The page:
TYPE: Twin-turboprop airliner.

PROGRAMME: Stretched version of ATR 42; announced at 1985 Paris Air Show; launched 15 January 1986; three development aircraft built; first flights 27 October 1988 (F-WWEY), 20 December 1988 (F-WWEZ, c/n 108) and 18 April 1989 (OH-KRA, c/n 126); French and US certification 25 September and 15 November 1989 respectively; deliveries, to Kar Air of Fiuland, began 27 October 1989 (OH-KRB); UK certification 30 July 1993.

CURRENT VERSIONS: ATR 72-200: Initial production version; two Pratt & Whitney Canada PW124B turboprops, each rated at 1,611 kW (2,160 shp) for normal take-off and 1,790 kW (2,400 shp) with ATPCS; Hamilton Sundstrand 14SF-11 four-blade propellers. Also cargo version, capable of carrying 13 small containers. Now discontinued.
ATR 72-210: Improved hot/high performance version with PW127 engines rated at 1,849 kW (2,480 shp) and Hamilton Sundstrand 247F propellers with composites blades on steel hubs; ATPCS power 2,059 kW (2,760 shp); carries 17 to 19 more passengers than standard ATR 72 in WAT-limited conditions; French and US certification 15 and 18 December 1992, German on 24 February 1993; first delivery December 1992.
ATR 72-500: Launched as ATR 72-210A. Improved hot/high performance version with PW127 engines, six-blade propellers and redesigned interior. First flight 19 January 1996; DGAC certification achieved 14 January 1997; first delivery (to American Eagle) 31 July 1997.
Description applies to ATR 72-500, except where indicated.
ATR 72 Tube: cargo version (formerly Cargo QC) similar to ATR 42 Tube; maximum payload 9,180 kg (20,238 lb) and total cargo volume 75.5 m3 (2,666 cu ft). Door size as ATR 42 Tube, six spider nets standard. Parallel section length 14.75 m (48 ft 4¾ in). MTOW in this configuration 22,500 kg (49,604 lb), MLW 22,350 kg (49,273 lb), MZFW 20,500 kg (45,195 lb).
ATR 72 Large Cargo Door: As ATR 72 Tube; 1.80 x 2.95 m (5 ft 11 in x 9 ft 8 in) upward-opening cargo door in port front fuselage behind cockpit to permit loading of seven LD3 containers or five ULD pallets. Space for 5.8 m3 (205 cu ft) cargo in tapered rear fuselage section. Weights as ATR 72 Tube. First retrofit (to c/n 108) completed for Farnair by Aeronavali (subsidiary of Alenia Aeronautica) in June 2002.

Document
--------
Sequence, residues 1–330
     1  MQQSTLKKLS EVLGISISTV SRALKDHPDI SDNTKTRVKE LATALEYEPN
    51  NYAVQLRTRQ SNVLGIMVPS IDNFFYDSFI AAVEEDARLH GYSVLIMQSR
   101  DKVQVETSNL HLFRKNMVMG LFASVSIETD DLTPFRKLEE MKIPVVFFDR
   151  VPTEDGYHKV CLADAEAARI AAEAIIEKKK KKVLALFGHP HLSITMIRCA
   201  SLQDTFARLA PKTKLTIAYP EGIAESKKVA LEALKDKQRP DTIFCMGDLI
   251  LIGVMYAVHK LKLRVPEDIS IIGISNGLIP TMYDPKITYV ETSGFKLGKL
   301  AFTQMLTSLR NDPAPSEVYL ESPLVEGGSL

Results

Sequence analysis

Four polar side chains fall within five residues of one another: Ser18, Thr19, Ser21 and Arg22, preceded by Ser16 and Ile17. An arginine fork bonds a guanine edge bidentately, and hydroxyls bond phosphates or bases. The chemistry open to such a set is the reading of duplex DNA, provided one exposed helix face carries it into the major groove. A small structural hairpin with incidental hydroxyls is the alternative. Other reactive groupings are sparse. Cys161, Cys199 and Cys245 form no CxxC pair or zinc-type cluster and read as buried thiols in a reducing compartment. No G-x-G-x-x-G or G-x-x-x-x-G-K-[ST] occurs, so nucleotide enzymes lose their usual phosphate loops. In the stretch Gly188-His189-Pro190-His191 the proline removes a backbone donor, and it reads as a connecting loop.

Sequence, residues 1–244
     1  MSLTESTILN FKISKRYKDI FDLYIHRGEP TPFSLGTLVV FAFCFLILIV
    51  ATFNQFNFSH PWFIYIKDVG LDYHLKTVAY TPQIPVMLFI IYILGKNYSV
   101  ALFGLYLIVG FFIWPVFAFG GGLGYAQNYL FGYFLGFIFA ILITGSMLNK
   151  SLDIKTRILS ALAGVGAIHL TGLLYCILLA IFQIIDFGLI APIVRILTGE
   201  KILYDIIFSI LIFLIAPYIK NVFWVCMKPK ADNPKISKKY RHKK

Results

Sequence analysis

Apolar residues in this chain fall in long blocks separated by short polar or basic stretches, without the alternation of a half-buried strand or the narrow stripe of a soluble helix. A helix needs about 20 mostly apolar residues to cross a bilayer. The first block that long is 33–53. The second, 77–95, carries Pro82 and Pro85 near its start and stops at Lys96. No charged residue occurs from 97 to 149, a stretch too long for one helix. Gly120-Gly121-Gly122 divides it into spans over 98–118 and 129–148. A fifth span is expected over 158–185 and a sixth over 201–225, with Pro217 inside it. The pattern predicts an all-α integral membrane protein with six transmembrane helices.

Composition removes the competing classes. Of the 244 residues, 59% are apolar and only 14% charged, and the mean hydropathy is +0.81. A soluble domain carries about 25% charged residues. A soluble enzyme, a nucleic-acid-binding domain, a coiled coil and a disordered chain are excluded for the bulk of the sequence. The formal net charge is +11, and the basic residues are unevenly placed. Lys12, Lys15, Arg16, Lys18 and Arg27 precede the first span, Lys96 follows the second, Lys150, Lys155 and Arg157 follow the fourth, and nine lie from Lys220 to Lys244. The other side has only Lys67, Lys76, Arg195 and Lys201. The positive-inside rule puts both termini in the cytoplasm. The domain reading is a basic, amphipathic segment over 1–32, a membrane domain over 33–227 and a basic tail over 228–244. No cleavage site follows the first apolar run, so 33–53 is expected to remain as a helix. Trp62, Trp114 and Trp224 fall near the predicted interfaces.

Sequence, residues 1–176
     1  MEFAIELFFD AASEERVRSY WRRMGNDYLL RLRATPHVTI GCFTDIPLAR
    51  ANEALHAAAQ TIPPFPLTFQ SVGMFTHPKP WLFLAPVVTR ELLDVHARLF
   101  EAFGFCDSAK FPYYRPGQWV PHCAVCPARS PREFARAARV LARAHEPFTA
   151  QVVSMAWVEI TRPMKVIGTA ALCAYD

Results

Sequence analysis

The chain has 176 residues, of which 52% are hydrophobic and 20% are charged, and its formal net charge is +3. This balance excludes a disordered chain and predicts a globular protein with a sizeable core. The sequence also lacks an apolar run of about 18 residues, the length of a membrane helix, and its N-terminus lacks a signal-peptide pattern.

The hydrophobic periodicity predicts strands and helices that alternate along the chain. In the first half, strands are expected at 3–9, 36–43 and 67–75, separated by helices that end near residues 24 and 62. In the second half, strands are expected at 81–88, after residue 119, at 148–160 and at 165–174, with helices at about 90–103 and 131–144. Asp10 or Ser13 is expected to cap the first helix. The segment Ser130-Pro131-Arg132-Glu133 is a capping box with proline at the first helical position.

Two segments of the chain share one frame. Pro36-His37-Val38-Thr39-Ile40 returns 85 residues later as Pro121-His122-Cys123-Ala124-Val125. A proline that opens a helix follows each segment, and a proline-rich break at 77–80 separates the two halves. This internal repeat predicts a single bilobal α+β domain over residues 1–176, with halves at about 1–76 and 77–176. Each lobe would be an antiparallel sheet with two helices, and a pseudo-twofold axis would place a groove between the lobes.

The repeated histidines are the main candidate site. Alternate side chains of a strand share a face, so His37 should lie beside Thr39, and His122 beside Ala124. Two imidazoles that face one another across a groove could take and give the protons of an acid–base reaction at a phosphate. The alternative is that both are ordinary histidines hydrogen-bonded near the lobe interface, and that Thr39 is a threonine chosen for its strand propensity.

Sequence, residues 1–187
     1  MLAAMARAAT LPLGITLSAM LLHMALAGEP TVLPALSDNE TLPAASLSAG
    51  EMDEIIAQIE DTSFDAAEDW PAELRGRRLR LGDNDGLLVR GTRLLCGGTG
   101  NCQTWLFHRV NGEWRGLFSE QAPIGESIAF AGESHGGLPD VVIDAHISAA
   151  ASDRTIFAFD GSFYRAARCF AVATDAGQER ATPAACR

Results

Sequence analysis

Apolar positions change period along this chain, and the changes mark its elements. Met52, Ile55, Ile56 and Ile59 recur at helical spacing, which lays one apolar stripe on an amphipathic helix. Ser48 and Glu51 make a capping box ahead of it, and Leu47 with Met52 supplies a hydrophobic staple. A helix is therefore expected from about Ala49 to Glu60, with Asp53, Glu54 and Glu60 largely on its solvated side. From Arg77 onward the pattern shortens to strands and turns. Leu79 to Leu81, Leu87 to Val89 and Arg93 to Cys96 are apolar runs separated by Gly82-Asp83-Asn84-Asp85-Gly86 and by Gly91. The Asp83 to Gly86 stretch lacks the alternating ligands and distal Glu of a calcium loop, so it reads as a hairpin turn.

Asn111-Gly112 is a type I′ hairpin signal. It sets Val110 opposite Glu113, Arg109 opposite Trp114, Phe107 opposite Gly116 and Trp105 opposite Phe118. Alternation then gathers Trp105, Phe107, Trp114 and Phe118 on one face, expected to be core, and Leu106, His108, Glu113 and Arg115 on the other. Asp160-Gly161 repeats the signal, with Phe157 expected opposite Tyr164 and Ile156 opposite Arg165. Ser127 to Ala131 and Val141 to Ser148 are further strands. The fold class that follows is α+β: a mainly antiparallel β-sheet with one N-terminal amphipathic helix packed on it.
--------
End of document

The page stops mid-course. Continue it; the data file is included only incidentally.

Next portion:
ATR 72 ASW: Projected anti-submarine warfare version, based on ATR 42 but also offering 1,270 kg (2,800 lb) payload including torpedoes, depth charges and anti-ship missiles. None yet built.

CUSTOMERS: Total 301 ATR 72s ordered up to 17 June 2003, at which time 287 delivered. Deliveries in 1998 totalled 21 and in 1999 numbered 23. Orders in 2000 totalled 18 plus six options; 15 (all -500s) delivered in 2001 and 14 in 2002.

DESIGN FEATURES: As ATR 42, but with more power, more fuel, greater wing span/area, and longer fuselage for up to 74 passengers.

FLYING CONTROLS: As for ATR 42 but vortex generators ahead of ailerons and aileron horn balances shielded by wingtip extensions; vortex generators under leading-edge of elevators.

STRUCTURE: Generally as for ATR 42, but new wings outboard of engine nacelles have CFRP front and rear spars, self-stiffening CFRP skin panels and light alloy ribs, resulting in weight saving of 120 kg (265 lb); sweepback on outer panels 2o 18' at quarter-chord. Trials of an all-composites tail assembly were conducted in 1997 and the structure incorporated in all production aircraft from 1998. The major airframe inspection period for the ATR 72 was increased on 2 October 1997 from 24,000 to 36,000 cycles, with a corresponding reduction in maintenance cost, bringing it in line with the ATR 42 family.

LANDING GEAR: Messier-Hispano-Bugatti units with Dunlop wheels (tyres size H34x10.0R16 (14 ply), pressure 7.86 bar; 114 lb/sq in) and structural carbon brakes; nosewheel tyre as ATR 42. Minimum ground turning radius 19.76 m (64 ft 10 in).

POWER PLANT: ATR 72-500: Two Pratt & Whitney Canada PW127F turboprops, each rated at 1,864 kW (2,500 shp) for normal flight and 2,051 kW (2,750 shp) for take-off, driving Ratier-Figeac/Hamilton Sundstrand 568F six-blade, all-composites propellers. Fuel capacity 6,337 litres (1,674 US gallons; 1,394 Imp gallons), comprising ATR 42 tanks, plus additional 637 litres (168 US gallons; 140 Imp gallons) in outer wings; pressure refuelling point in starboard main landing gear fairing.

ACCOMMODATION: Basic 68 passengers at 79 cm (31 in) seat pitch; other seating configurations range from 64 seats at 81 cm (32 in) to 72 seats at 76 cm (30 in); plus second cabin attendant's seat. Single baggage compartment at rear of cabin; two at front. Forward door, with a service door opposite on starboard side. Service door on each side at rear, that on port side replaced by a passenger door when cargo door is fitted at front. Two additional emergency exits (one each side); both rear doors also serve as emergency exits. Increased-capacity air conditioning system.

AVIONICS: More advanced avionics of ATR 72-500 have been transferred into ATR 42-500.